32048835Ahk, I hated Cheerleaders when I was in high school. This was partially because my best friend turned into an ex-best friend and she was a cheerleader, partially because my sister was one, and partially because they were all such backstabbingly snotty people. Granted, I recognize that not all cheerleaders are like that, but I’ve always felt such ugh about the sport. I think the fact that it has also been used as a way for women to be degraded into only being useful to cheer for an American male sport that is seeped in sexism, racism, consumerism, and fan ownership just adds to my distaste. But, when it’s focused solely on cheer competitions rather than cheering for the disgustingness that is American Football, it’s not so bad. Squad by Mariah MacCarthy is a book that I imagine is going to dismantle some of the unfortunate stereotypes that cheerleading has gotten over the years, some of which you can clearly see I’ve fallen prey to…while simultaneously proving them? Believe me, I’m not sure how this works, either.

The plot of this book seems to have a lot to do with the dynamics of mean girl cheerleaders who, initially weren’t. So, basically, it’s about a fight between girls. Honestly, I’m not deeply interested in this book as a result of that. It’s not my scene, it’s a contemporary which is also not my scene, and I just don’t care to read a book about friends fighting for what appears to be no reason. It brings back some unfortunate memories, actually. However, when you get to the end of the synopsis, suddenly you’re hit with the main character, Jenna, turning to larping (live action role playing) and getting into a relationship with a transgender guy. And suddenly I’m vaguely interested again. I think, if this book had a higher rating, I’d probably read it. As it stands, though, the cheerleading fights really do turn me off wanting to read a book.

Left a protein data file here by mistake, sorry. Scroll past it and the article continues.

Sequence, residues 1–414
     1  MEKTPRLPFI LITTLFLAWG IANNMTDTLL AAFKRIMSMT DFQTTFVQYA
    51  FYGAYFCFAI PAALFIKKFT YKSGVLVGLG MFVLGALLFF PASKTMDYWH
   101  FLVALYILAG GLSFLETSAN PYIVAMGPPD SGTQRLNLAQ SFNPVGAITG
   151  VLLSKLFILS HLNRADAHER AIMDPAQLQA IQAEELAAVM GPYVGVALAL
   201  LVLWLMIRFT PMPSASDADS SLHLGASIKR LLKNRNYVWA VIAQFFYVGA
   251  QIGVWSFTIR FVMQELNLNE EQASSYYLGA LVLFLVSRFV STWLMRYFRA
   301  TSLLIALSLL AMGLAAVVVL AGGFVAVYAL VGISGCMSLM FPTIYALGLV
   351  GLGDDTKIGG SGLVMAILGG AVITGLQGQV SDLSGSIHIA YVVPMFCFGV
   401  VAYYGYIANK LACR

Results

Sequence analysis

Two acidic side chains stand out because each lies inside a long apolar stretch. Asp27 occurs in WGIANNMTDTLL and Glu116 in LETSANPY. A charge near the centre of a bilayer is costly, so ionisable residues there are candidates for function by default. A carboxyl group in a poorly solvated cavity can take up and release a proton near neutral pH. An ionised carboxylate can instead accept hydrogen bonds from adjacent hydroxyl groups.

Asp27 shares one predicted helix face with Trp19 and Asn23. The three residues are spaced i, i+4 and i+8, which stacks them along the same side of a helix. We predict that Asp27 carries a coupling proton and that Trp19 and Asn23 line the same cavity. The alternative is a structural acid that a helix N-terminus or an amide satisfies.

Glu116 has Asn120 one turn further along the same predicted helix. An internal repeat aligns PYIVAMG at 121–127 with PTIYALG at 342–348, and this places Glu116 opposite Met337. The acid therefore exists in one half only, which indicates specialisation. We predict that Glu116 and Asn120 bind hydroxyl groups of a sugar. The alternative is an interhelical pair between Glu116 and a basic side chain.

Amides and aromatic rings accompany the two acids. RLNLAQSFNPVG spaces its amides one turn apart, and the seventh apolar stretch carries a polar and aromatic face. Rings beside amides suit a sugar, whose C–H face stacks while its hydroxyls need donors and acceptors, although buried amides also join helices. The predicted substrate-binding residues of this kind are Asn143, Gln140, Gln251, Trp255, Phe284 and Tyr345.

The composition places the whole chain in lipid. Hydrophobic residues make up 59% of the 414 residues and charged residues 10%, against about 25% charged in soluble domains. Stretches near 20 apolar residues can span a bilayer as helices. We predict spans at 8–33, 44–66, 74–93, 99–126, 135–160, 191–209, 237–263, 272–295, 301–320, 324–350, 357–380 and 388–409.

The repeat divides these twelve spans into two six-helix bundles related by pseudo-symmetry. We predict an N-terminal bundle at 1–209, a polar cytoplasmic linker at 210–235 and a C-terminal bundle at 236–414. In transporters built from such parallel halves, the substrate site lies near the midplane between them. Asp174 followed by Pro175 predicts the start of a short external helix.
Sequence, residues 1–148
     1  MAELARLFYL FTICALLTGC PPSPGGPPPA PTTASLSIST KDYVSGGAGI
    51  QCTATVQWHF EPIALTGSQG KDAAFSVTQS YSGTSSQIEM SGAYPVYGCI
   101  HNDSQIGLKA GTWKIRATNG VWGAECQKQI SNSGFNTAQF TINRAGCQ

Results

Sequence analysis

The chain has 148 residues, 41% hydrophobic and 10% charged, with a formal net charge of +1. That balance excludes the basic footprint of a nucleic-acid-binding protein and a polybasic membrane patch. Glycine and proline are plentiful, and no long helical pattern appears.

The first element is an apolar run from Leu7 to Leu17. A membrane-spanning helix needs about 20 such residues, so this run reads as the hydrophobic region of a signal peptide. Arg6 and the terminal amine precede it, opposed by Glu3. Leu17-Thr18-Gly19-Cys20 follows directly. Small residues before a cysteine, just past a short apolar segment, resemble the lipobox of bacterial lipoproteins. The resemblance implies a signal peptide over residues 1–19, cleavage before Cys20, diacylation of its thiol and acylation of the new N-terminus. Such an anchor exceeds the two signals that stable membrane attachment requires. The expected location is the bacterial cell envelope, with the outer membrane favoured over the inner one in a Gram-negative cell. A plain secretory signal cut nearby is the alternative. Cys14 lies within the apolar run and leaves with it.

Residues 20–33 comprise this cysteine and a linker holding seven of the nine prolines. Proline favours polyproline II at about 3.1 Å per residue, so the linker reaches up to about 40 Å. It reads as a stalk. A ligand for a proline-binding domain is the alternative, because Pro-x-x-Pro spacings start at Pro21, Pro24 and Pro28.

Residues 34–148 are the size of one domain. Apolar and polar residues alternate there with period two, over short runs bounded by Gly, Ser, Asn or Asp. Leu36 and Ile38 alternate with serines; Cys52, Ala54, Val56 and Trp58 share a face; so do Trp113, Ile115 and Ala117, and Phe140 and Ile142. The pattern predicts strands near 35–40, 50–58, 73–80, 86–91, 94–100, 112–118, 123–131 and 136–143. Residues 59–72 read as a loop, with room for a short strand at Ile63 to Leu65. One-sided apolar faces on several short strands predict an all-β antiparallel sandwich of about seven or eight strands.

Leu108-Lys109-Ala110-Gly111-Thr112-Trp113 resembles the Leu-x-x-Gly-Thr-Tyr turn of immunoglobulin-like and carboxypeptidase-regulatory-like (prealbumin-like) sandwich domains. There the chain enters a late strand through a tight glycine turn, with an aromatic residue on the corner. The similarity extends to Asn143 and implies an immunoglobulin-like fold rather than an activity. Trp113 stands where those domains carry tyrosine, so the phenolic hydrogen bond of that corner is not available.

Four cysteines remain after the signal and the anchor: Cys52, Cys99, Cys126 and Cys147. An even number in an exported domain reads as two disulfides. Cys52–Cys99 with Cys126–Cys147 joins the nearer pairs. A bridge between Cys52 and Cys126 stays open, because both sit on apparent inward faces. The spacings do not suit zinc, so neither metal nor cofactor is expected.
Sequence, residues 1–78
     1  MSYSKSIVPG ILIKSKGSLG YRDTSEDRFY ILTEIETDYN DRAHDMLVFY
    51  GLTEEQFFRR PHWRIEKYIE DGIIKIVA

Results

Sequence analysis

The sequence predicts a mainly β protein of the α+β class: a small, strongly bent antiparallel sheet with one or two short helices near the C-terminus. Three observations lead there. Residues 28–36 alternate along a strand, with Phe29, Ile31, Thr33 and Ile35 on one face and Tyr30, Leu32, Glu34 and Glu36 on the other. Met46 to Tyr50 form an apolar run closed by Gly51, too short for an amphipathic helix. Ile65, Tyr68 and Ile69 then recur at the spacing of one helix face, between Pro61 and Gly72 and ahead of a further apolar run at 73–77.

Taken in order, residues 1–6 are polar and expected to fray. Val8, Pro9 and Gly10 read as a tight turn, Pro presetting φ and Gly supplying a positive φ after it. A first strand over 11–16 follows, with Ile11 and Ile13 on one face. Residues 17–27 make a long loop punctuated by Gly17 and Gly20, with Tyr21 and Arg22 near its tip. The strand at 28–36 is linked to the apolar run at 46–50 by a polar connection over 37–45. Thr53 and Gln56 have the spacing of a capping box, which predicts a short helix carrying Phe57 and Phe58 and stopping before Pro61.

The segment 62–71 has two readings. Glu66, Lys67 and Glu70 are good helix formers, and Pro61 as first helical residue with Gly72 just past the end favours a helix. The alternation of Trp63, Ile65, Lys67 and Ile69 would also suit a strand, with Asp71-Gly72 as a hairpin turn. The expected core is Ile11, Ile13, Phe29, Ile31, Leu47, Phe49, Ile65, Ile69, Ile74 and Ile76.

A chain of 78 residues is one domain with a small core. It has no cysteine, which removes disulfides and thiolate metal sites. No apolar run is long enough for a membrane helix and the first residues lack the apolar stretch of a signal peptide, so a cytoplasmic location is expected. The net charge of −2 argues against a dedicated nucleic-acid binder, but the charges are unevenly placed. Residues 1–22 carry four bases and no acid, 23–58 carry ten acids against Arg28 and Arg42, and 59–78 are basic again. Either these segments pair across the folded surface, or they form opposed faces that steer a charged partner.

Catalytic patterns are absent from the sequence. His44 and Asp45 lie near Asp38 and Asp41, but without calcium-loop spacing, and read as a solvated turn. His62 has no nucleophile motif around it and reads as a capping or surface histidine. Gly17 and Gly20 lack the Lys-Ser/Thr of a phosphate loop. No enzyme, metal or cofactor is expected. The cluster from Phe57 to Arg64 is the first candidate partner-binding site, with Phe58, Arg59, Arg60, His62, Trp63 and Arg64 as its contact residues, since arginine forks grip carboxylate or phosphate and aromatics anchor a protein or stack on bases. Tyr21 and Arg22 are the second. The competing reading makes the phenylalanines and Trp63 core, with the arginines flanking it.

Jenna Watson is a cheerleader. But it’s not some Hollywood crap. Cheerleaders are not every guy’s fantasy; they are not the “popular girls” or the “mean girls” of Marsen High School. They’re too busy for that. They’re literally just some human females trying to live their lives and do a perfect toe touch. But that all changed after Raejean stopped talking to Jenna and started hanging out with Meghan Finnegan. Jenna stopped getting invited out with the rest of the squad and she couldn’t tell if it was on purpose or if it was all in her head.
At times heartbreaking, at others hilarious, Squad follows Jenna through her attempts to get revenge on Raejean and invent a new post-cheer life for herself through LARPING (live action role-playing) and a relationship with a trans guy that feels like love—but isn’t. In the, end Jenna discovers that who she is is not defined by which squad she’s in.

How do you feel about this book? Is it one that you’d be excited to read? Is it a book you’d rather avoid? What do you think about the mix of cheerleading and larping? Let me know your thoughts in the comments!

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